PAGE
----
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Opinion

Palestine: Genealogy and etymology

HISTORY MATTERS - Todd Sales Lucero - The Freeman

While not his only accomplishment as governor-general of the Philippines, Narciso Claveria’s 1849 surname decree remains his lasting contribution to the Filipinos today. In honor of this decree and to shed more light and attention on the ongoing conflict in Palestine, I would like to contribute to the unfolding narrative by writing about the genealogy and etymology of the name “Palestine.”

I started with my copy of the Catalogo, the list of words and names prepared by Spanish authorities which accompanied the surname decree. The Catalogo didn’t just contain Spanish last names, but also proper and common nouns, verbs, adjectives, and other term that do not always appear as surnames. You can thus find Hispanized toponyms (place names) or racial terms like Africano, Zebuano, Yndiano, Alemania, Aleman, and even Filipino. “Palestine” did not make it to the list, nor the terms Palestino or Palestina. I then consulted FamilySearch, an online database of Church of Jesus of Christ and Latter-Day Saints and found 50 people with the last name of Palestino or Palestina. Based on my extensive experience studying Filipino surnames, if a surname isn’t in the Catalogo, it is likely a derivative of another name in the list. I validated these Palestinos and discovered that only one was legitimate while the rest were any of the following: Celestino, Pelegrino, Polestico, and Valentino but misread as Palestino.

Palestino is an uncommon name and only 4,080 people carry it as a surname worldwide as of 2014, with Mexico (3,666), United States (289), and Brazil (93) having the most number. In the 2020 Philippine Statistics Authority surnames data, only two Filipinos carry Palestino as a surname: one in San Mariano, Isabela, and another in Inopacan, Leyte. There are three Palestina in San Mariano plus another in Palompon, Leyte. Both Palestino and Palestina were probably from one source and these surnames were most likely mistransliteration of other similar-sounding surnames. At least in the Philippines then, Palestino was never a surname and whatever appears today is clearly misspelling of similar surnames. Despite this, the word Palestine does have a very long history. Recently, various disinformation claims that the term is exclusively Arab, that it was only coined recently by Palestinian leader Yasser Arafat, or that only Arabs have lived in Palestine. But was this really the case?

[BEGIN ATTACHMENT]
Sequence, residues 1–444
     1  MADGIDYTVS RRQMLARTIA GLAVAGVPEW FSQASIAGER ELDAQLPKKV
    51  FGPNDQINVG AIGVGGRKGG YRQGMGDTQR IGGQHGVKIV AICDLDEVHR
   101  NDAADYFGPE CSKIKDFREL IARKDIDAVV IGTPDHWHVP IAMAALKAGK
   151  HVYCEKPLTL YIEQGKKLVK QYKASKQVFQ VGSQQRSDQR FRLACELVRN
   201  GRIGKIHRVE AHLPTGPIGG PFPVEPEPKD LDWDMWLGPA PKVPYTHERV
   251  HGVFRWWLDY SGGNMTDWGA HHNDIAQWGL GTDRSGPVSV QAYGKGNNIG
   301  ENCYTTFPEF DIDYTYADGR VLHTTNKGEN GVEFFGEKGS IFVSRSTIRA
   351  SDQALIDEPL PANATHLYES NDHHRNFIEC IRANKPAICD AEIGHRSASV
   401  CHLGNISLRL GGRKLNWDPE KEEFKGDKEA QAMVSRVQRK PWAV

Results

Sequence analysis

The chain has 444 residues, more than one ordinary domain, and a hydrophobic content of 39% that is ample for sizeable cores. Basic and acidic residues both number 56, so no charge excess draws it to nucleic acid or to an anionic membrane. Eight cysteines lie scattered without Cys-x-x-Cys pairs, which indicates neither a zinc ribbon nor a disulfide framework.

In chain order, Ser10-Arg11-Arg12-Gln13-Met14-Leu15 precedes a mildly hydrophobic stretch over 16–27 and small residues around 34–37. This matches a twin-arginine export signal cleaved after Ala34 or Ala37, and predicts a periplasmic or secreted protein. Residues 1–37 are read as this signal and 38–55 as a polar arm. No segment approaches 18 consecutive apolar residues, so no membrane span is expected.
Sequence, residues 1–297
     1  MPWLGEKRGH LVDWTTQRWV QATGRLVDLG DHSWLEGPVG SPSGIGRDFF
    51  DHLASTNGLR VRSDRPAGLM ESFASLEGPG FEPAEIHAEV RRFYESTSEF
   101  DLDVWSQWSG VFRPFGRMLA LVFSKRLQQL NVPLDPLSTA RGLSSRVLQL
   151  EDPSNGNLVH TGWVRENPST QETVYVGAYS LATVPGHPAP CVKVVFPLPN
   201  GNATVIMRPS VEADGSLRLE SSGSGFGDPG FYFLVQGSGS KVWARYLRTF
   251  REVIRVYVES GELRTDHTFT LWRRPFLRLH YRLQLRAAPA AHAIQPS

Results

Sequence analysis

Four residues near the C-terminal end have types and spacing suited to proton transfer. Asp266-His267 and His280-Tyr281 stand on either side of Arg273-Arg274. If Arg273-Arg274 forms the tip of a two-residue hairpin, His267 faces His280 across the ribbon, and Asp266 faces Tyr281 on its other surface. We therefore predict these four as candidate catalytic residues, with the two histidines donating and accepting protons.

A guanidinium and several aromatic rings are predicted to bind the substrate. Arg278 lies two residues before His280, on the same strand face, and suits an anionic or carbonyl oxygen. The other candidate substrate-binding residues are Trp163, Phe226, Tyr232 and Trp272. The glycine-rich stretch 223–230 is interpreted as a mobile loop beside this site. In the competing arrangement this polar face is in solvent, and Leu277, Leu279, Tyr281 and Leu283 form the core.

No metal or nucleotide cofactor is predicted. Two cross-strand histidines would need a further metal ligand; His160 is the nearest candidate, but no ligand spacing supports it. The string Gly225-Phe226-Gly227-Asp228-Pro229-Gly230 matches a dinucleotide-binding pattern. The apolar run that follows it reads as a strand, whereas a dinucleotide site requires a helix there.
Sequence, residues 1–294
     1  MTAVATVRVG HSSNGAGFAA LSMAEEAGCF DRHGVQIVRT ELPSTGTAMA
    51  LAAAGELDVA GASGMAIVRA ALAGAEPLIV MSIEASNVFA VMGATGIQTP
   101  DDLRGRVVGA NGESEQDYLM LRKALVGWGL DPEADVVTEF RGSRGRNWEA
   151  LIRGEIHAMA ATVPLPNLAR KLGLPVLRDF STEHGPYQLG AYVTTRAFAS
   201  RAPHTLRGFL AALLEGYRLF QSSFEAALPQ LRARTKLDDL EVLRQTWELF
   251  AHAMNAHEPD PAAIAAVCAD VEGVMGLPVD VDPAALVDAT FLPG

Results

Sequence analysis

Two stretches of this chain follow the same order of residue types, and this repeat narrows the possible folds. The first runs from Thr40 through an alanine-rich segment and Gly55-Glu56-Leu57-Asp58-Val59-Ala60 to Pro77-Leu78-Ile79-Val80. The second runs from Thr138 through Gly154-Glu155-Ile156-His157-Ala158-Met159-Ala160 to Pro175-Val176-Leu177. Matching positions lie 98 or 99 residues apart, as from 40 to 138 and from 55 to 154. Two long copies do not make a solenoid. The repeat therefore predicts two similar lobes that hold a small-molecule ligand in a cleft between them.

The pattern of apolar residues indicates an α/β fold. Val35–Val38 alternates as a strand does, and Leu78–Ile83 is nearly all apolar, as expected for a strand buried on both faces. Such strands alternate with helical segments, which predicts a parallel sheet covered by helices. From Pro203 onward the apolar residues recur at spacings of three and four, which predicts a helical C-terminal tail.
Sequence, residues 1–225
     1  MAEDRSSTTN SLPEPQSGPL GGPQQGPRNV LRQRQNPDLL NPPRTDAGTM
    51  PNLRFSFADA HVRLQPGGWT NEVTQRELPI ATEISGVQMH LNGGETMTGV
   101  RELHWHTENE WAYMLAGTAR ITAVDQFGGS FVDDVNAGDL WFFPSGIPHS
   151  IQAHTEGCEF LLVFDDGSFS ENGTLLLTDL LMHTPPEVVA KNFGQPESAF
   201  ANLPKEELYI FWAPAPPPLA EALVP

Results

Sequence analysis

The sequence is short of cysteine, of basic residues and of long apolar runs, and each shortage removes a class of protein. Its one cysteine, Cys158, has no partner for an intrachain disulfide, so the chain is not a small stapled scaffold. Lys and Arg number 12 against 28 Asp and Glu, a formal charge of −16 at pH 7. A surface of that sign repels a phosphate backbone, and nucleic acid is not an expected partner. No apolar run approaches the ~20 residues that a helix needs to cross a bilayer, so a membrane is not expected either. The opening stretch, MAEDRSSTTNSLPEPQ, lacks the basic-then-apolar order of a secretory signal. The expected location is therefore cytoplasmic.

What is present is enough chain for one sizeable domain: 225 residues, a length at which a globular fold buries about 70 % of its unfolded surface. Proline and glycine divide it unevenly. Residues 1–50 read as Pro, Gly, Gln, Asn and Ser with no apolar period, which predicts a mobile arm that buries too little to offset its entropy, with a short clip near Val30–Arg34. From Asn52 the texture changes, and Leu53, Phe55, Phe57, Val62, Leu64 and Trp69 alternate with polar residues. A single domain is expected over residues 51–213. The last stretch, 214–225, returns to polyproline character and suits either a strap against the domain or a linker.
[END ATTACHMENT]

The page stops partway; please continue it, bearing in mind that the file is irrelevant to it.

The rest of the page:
The term Palestine comes from the Latin Palaest?na, derived from the Greek Palaist??n?, first coined by Herodotus in the 5th century BCE. Etymologists have postulated that there is a similarity between Palaist??n? and palaistês, the latter having the same origin as the Hebrew word “Israel”, with scholars believing that the term is from the Biblical Hebrew “P?l?št?m.” An 1849 dictionary defines “palestino” as natural ó propio de la Palestina, or naturally or typically of Palestine. An earlier dictionary published in 1837 defines Palestine as a part of Syria, in turn a part of the Ottoman Empire.

A.B. Tristram’s “The Land of Israel: A Journal of Travels in Palestine” in 1865 puts Israel and Palestine within the same geography. The 1869 article “The Spanish Exiles” states that the Sephardi Jews returned from Spain (to Palestine) in the fifteenth century and formed a permanent colony in Jerusalem… were allowed to live on Mount Zion and have been spared from wholesale massacre and persecution…yet their condition was one of extreme wretchedness, they in sufferance, and were at the mercy of a tyrannical government and a fanatical populace...they were downtrodden and barely allowed to live for the sake of the money which was extorted from them by the Muslims. An 1841 article in “The Scottish Christian Herald” estimated the three major ethno-religious groups in Jerusalem as Muslims at 4,500; Jews at 3,000; and Christians at 3,500.

The Israeli-Palestinian issue is complex and cannot be defined in sound bites on TV or social media nor by articles on newspapers. I prefer to consult pre-1948 books about Palestine because these were written without the biases that the world developed since the 1948 partition. These old books and articles clearly indicate that the present-day Palestine was inhabited by both the ancestors of Jews and Arabs alike. To say that the Jews only came to Israel in 1948, and that the Palestinians of today have exclusive rights to Palestine, are both historically erroneous.

In closing, I would like to share one interesting note: though “Palestino” isn’t in the Catalogo, both Arabe (Arab) and Judias (Jewish) are.

 

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